Next, appellant contends that his conviction is void because it is based on a fundamentally defective indictment in that it alleges three separate and distinct offenses in a single paragraph. Appellant's contention is that TEX.CODE CRIM.PROC.ANN. art. 21.24(b) (Vernon Supp.1982-1983), which precludes joinder, has been violated because the indictment names three workers who remain unpaid for services rendered in connection with the construction project. I disagree. The indictment alleges that, with the intent to defraud, appellant misapplied funds in excess of $250.00 received:

"under a construction contract for the improvement of specific real property, to-wit: 14260 Queens Chapel, Farmers Branch, Texas, without first fully paying and satisfying all obligations of the said Trustee to all artisans, laborers, mechanics, contractors, sub-contractors, and materialmen, to-wit: Gary Saleh, James Coker, and Walter Coker, incurred in connection with construction and improvements for which said funds were received ..."

The State is not required to plead evidence relied on, and, when the indictment tracks the language of the statute, it is a rare exception that it is legally insufficient to provide notice of the charged offense. May v. State, 618 S.W.2d 333 (Tex.Cr.App. 1981) (en banc), vacated, 454 U.S. 959, 102 S.Ct. 497, 70 L.Ed.2d 374 (1981), aff'd, on remand, 632 S.W.2d 751 (Tex.Cr.App. 1982); Phillips v. State, 597 S.W.2d 929 (Tex.Cr.App.1980). I would hold that the indictment tracks the language of the statute, and, in stating the names of the three laborers, it is merely pleading the evidence relied on to support the allegation that all obligations to all laborers have not been satisfied.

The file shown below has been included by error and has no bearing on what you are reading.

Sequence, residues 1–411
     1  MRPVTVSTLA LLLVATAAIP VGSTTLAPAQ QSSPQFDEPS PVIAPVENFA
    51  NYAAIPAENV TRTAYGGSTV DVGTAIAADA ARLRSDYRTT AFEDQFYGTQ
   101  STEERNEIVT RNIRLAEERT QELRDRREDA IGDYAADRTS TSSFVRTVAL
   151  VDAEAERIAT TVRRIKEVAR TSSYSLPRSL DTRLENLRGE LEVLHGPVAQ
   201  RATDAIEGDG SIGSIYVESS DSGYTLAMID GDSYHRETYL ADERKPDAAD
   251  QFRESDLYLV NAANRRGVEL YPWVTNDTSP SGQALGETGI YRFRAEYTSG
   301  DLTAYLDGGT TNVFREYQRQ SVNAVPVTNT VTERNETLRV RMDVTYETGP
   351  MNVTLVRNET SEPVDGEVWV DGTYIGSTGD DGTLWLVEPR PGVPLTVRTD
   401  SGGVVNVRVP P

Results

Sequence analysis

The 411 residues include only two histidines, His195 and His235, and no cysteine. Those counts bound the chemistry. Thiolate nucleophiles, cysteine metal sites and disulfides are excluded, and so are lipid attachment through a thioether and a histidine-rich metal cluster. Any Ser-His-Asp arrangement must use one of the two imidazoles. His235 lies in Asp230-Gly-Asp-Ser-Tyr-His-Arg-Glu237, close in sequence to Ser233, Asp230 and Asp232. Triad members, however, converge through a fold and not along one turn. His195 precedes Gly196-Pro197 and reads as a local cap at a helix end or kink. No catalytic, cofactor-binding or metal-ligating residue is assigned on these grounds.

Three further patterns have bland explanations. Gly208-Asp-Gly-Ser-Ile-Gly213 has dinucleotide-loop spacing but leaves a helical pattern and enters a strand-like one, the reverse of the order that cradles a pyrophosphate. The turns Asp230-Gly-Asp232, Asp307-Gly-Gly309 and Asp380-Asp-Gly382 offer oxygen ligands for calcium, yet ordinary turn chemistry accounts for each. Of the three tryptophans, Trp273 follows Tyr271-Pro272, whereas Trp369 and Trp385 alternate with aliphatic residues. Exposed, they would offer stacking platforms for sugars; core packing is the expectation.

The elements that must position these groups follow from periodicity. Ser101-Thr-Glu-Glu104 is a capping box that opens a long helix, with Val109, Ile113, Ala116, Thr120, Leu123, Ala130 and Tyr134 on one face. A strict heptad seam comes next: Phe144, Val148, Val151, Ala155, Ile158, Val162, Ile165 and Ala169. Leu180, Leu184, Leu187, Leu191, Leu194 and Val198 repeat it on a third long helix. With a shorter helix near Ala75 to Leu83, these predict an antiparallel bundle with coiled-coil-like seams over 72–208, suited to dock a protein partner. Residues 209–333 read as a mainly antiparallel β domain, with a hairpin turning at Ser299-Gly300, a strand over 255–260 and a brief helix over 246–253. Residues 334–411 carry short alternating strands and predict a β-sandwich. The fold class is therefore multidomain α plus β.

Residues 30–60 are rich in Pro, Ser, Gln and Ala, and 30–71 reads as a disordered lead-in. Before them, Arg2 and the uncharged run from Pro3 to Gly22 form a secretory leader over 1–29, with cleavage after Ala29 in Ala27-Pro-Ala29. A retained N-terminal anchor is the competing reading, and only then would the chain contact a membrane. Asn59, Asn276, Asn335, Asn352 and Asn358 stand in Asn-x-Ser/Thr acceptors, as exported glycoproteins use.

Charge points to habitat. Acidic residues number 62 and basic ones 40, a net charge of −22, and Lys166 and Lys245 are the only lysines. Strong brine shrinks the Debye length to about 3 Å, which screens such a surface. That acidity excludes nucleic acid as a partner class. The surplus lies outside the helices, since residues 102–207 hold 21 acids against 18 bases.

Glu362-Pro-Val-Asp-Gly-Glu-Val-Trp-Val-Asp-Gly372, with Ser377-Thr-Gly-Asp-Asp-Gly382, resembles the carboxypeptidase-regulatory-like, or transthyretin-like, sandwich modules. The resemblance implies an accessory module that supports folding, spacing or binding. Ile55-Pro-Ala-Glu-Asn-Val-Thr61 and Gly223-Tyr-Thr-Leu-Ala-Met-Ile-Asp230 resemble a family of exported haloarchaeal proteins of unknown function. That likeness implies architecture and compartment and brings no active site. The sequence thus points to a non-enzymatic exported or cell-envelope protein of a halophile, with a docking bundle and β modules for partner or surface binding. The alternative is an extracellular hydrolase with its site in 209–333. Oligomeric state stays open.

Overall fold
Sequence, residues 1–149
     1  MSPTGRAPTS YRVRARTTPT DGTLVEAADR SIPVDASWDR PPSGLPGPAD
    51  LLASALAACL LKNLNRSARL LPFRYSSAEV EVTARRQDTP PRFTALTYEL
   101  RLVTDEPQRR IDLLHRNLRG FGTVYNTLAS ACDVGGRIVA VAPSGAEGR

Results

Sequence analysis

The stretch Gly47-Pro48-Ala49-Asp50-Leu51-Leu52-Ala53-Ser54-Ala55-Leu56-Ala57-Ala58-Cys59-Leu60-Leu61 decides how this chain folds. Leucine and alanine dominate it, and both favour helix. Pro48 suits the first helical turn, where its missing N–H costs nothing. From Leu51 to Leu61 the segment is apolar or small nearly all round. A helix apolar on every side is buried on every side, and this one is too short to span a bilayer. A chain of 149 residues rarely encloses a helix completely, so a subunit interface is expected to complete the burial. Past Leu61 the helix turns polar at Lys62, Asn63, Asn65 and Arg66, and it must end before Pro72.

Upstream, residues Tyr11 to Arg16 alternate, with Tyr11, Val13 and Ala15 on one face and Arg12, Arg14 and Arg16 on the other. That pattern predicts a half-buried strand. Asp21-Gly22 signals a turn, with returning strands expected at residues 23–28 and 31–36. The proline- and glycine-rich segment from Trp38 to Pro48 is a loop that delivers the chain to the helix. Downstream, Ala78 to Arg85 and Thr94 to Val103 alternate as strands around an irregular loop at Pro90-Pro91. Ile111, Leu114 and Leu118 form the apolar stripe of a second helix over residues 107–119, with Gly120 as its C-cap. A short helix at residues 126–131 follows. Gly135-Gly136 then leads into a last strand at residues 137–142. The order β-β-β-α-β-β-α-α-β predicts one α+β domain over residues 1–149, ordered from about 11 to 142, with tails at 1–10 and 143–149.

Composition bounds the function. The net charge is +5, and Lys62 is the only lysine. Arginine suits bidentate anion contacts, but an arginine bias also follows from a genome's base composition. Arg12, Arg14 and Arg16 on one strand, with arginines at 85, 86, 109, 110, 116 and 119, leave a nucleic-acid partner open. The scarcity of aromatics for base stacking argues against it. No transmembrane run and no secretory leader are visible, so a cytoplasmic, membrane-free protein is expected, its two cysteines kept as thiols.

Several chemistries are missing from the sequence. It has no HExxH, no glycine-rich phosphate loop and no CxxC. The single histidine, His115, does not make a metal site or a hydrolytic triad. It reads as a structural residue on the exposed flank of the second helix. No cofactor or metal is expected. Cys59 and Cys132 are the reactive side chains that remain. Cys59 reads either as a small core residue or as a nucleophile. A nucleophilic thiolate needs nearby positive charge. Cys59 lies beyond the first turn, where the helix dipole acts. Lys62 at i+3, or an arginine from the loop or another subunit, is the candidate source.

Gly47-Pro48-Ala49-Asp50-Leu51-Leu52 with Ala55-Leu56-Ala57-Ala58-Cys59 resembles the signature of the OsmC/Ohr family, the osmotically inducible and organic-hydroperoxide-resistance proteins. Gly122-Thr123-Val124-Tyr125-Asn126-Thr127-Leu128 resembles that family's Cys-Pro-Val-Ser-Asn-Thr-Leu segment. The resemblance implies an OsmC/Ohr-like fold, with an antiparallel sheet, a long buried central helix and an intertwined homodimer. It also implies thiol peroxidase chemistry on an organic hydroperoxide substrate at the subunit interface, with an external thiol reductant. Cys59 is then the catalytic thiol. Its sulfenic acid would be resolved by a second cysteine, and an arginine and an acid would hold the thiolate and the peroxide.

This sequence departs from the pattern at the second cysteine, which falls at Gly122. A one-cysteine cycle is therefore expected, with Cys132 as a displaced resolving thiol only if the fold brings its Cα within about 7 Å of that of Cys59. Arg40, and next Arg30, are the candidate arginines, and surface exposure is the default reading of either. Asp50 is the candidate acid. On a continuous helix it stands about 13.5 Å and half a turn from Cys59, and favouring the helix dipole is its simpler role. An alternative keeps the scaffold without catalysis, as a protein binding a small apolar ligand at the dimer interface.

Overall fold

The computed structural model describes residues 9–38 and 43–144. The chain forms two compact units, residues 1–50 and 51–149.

Appellant further contends that his conviction is void because the State failed to properly charge him with the more specific offense of theft by check, as stated in the 1978 version of TEX.PENAL CODE ANN. § 31.03 (Vernon Supp.1982-1983) and under TEX.PENAL CODE ANN. § 31.06 (Vernon 1974), or issuance of a bad check, TEX.PENAL CODE ANN. § 32.41 (Vernon 1974). Appellant argues that the evidence shows that he merely issued bad checks and that there was no evidence that he improperly diverted any trust funds. I disagree. As previously noted, the evidence clearly shows that appellant used funds for purposes other than for the particular construction contract. Furthermore, I believe that article 5472e specifically applies to the circumstances of this case in that appellant defrauded his laborers, the class of persons to be protected by article 5472e, by misapplying construction trust funds received in connection with the particular project on which those persons worked. See Jones v. State, 552 S.W.2d 836 (Tex.Cr.App.1977). I would overrule this contention.